Unregistered Trademarks (19-11.3)
November 21, 2019

Unregistered Trademarks (19-11.3)

Having a trademark registration is not completely necessary to get some degree of defense. Just using your brand name “in commerce” may be enough to garner protection, but that protection is meant for the consumers and not necessarily the brand owners.

This means that, without a formal registration, you would more than likely only be able to stop others from using a confusingly similar name within a certain geographic area. That area would likely encompass the same area, such as mile radius, where customers might get confused.

It is not a great idea to rely on this kind of strategy, though, because it could leave you high and dry after spending thousands of dollars building a brand, just to lose it. Take for example, the ballad of Burger King: how the king lost his crown. The original Burger King began in Illinois. Shortly after, a different Burger King opened in Florida and registered its trademark with the United States Trademark Office. The Florida company grew and grew, until they ended up in Illinois.  The original sued. The court ruled that the original could only control a 20-mile radius around the first location. More importantly, the Florida group was free to expand their Burger King all over the USA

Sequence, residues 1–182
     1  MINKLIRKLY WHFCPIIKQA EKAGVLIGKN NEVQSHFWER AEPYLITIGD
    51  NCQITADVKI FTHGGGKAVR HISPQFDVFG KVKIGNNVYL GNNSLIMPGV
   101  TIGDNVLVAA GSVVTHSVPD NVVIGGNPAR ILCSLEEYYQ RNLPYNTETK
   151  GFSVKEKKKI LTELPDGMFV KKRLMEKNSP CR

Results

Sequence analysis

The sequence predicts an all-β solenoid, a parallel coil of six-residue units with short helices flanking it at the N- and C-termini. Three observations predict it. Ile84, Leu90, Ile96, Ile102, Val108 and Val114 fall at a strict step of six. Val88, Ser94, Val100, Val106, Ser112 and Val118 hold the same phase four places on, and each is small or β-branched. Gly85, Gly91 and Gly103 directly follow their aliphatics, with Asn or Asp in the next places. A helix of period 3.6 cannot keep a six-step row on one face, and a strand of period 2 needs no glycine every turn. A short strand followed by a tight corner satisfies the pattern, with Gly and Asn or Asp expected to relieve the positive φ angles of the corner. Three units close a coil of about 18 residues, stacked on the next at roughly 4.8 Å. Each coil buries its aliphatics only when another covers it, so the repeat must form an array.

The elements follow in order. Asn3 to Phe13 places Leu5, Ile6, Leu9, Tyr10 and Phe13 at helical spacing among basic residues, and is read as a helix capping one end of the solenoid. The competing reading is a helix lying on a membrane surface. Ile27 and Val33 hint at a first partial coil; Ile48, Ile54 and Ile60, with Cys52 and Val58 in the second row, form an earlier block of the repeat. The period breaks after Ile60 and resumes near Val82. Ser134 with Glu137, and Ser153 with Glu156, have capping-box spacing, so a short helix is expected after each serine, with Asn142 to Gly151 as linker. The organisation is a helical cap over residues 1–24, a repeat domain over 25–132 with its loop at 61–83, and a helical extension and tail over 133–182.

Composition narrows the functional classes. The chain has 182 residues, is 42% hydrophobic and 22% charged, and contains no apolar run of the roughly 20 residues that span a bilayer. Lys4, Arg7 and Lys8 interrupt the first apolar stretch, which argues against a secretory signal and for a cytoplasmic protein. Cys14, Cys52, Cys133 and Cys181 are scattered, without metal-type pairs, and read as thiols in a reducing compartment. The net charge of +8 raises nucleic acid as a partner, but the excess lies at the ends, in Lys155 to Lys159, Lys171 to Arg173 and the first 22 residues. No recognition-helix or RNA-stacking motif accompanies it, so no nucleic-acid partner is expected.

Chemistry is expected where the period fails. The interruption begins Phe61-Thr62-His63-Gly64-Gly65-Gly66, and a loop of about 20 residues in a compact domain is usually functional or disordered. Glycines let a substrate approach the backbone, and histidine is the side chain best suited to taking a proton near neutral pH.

While it is true that some limited Trademark protection comes from just using your brand name in commerce, your best bet to stop people from stealing your brand and getting away with it is to get is registered!


 

LEARN MORE: What Every Brand Owner Needs To Know About Filing a Trademark Application & Four Reasons Why Not Having a Registered Trademark Can Cost You Big Money

Click here to get your Trademark Application started: Complete Package | Basic Package

About the Author

Randal Robinson is an intellectual property lawyer. Randal focuses his practice on the prosecution and litigation of trademarks.

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